National police are normal in totalitarian regimes, but are antithetical to free societies. Ideally, with respect to our fellow mortals, we should each be kings or queens of our own figurative castles, and nobody else’s, free to love/serve God and our neighbors according to the dictates of our own respective consciences. Whether or not we choose Him as our Master, the state should NOT be our master but our servant, with the specialized duty of expertly helping us to defend our equal God-given rights from others’ aggression so that we may remain free. The state’s larger jurisdictions exist NOT to rule but only to serve the smaller jurisdictions within themselves, of which the smallest units are individual households.

So, to preserve a free society, we need to actively oppose efforts to nationalize and dumb-down and militarize our local peace officers, including by electing like-minded municipal officers. Politicians who incentivize our police to wantonly behave like brutal thugs will only give increased legitimacy to anarchic BLM rioters, which will only provide further excuses to corrupt politicians to enact counterproductive reforms, thereby perpetuating a vicious cycle toward tyranny. As in the movie “WarGames” (1983), the only way to win such a power struggle is to NOT participate in it. Let’s keep this cycle broken by actively promoting liberty, instead, along with peace, respect, and the value of EVERY human life, whether black or blue or both or neither.


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Provo’s Budget for FY 2021

Provo’s city council recently adopted a budget for fiscal year 2021, which was reduced somewhat due to the COVID19 pandemic of 2020.

During this budgeting process, some citizens advocated defunding Provo’s police force in response to recent incidents of local police abusing their power to violate citizens’ rights. These calls derive from valid concerns because police, like other public officers, should act within the limits of their delegated authority (including due process) to expertly help people to defend their equal God-given rights from others’ aggression. And it’s sad when police become aggressors themselves. Such trends toward police aggression are arguably facilitated by ongoing nationwide efforts to nationalize and dumb-down and militarize our local peace officers. Such a national police force could be used as a standing army to conquer our nation from within, and is a normal part of totalitarian regimes. We should resist such trends, including abuse of our local SWAT team, but we should definitely NOT eliminate our police force. So, I applaud our city officers for rejecting such calls.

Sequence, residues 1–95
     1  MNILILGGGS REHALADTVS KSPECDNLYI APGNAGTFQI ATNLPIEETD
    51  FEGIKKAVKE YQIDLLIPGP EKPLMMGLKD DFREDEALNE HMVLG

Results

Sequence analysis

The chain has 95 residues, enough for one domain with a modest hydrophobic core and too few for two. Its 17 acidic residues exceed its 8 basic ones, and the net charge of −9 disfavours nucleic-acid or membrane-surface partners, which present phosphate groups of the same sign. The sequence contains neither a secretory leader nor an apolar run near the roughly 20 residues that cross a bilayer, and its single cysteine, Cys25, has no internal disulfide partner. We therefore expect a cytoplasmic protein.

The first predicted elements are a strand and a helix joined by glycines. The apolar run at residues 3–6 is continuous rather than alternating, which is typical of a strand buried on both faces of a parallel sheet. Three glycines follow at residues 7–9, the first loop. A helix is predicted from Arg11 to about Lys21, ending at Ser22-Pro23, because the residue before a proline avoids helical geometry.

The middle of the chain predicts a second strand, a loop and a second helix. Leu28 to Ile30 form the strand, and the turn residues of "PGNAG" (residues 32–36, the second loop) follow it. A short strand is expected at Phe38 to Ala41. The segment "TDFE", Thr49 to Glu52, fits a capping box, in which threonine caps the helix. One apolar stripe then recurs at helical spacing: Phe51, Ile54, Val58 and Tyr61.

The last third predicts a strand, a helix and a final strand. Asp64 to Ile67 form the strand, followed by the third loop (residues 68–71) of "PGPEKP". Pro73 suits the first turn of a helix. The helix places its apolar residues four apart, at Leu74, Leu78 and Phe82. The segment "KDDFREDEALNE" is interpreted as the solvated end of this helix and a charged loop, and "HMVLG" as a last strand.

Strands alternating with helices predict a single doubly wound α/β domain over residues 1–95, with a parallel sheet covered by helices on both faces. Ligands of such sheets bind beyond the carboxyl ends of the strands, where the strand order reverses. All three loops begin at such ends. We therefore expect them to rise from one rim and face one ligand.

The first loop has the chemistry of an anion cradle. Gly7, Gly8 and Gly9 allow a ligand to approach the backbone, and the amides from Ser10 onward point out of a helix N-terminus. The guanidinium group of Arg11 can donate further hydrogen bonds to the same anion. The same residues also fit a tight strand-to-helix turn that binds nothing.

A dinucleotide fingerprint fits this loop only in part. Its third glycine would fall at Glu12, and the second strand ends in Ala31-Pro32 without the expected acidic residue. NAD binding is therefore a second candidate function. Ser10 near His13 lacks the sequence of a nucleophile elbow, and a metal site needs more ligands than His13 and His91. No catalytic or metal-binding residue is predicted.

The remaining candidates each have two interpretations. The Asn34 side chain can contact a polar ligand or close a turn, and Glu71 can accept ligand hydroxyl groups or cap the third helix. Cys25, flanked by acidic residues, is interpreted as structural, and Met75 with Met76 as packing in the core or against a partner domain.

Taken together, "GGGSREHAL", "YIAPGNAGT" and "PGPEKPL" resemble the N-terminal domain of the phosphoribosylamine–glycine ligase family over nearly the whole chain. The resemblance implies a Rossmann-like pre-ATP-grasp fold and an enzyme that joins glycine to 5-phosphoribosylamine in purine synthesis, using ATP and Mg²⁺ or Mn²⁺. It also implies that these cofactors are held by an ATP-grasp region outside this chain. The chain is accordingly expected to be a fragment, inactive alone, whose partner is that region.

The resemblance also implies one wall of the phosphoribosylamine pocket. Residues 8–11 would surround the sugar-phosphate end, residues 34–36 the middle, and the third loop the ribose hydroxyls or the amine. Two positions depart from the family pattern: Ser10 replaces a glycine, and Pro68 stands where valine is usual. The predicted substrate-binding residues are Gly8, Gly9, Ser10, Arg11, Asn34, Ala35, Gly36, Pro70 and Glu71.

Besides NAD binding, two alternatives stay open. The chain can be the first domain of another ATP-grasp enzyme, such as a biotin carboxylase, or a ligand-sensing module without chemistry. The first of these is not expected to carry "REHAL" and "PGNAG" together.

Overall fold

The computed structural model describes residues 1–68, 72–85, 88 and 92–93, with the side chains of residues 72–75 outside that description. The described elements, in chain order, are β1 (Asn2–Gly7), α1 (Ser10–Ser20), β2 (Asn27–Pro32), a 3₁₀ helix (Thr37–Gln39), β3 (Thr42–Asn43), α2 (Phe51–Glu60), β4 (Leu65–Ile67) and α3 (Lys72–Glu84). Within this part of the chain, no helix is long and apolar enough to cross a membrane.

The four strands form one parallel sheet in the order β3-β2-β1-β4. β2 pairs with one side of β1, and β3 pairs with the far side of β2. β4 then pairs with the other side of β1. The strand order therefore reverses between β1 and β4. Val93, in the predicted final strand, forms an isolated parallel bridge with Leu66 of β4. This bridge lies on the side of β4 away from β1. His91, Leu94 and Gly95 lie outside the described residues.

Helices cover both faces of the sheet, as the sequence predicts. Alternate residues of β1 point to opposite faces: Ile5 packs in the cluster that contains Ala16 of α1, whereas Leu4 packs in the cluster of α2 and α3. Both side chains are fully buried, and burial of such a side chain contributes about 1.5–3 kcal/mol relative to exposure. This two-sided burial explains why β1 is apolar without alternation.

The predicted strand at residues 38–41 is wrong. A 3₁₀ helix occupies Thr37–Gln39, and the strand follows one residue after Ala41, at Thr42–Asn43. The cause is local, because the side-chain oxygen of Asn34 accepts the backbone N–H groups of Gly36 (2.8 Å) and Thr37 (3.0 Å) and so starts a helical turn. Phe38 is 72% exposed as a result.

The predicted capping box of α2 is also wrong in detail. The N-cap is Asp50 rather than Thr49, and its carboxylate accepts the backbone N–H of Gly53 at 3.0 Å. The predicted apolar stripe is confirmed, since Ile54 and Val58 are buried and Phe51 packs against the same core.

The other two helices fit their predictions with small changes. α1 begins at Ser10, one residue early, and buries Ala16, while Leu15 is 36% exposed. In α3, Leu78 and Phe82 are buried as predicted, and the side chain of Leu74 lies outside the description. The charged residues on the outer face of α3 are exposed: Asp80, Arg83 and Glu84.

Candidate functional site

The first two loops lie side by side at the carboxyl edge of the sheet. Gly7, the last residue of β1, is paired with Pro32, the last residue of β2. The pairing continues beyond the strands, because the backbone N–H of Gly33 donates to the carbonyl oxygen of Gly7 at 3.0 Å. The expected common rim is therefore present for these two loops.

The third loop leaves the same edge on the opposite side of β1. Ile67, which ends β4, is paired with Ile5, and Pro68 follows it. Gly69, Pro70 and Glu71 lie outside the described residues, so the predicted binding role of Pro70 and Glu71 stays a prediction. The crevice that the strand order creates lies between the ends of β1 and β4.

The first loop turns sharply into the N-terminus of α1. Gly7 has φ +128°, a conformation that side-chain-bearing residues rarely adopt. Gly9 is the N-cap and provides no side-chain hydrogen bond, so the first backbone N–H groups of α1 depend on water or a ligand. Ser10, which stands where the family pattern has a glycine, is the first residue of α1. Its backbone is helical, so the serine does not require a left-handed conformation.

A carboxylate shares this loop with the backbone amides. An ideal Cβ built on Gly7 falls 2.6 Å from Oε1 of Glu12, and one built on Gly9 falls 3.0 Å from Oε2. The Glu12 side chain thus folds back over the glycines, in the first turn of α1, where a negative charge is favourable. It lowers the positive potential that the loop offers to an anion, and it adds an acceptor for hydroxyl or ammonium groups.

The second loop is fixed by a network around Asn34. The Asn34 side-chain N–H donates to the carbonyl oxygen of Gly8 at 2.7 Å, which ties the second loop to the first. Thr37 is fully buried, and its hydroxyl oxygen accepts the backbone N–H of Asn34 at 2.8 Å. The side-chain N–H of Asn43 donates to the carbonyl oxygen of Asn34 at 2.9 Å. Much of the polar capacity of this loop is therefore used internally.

What they should actually defund—or, better yet, privatize—is most everything else in Provo’s municipal budget. As we’ve noted before, Provo’s city-owned businesses include a redevelopment agency, a power company, an airport, a television channel, a library, a performing arts center, a recreation center, a fitness center, a golf course, an ice rink, a water park, a beach, a park service, a gun range, a garbage-collection service, a recycling service, and a cemetery, none of which are involved in defending our rights. It would be better for Provo’s municipal officers to spin off all of these divisions fully into the private sector, and then sever all lingering ties with them. As competitive private enterprises, these former agencies would become far more innovative and efficient and effective, serving customers better—and simultaneously allowing public officers to focus better on defending rights, and perhaps also on a few other tasks like maintaining local roads. It’s always easier for public officers to focus on performing their core duties well whenever they aren’t needlessly overwhelming themselves with excessive responsibility over other parts of our local economy. And our economy always works best whenever politicians stop trying to subjugate it to their will and, instead, simply help defend everyone’s equal God-given rights from others’ aggression.

But such structural change won’t happen without electoral change. For at least 20 years, Provo’s public officers have remained rather enamored with big government. And this is partly because Provo’s municipal elections have remained dominated year-after-year by big-government voters. And they prevail NOT because they constitute a large percentage of Provo’s population, but because most voters don’t bother to participate. So, we who value our rightful liberty need to change this sad status quo. We won’t reverse these statist trends unless we grow our ranks in both numbers and effectiveness. And there’s no time like the present to begin—so, please make a plan and implement it.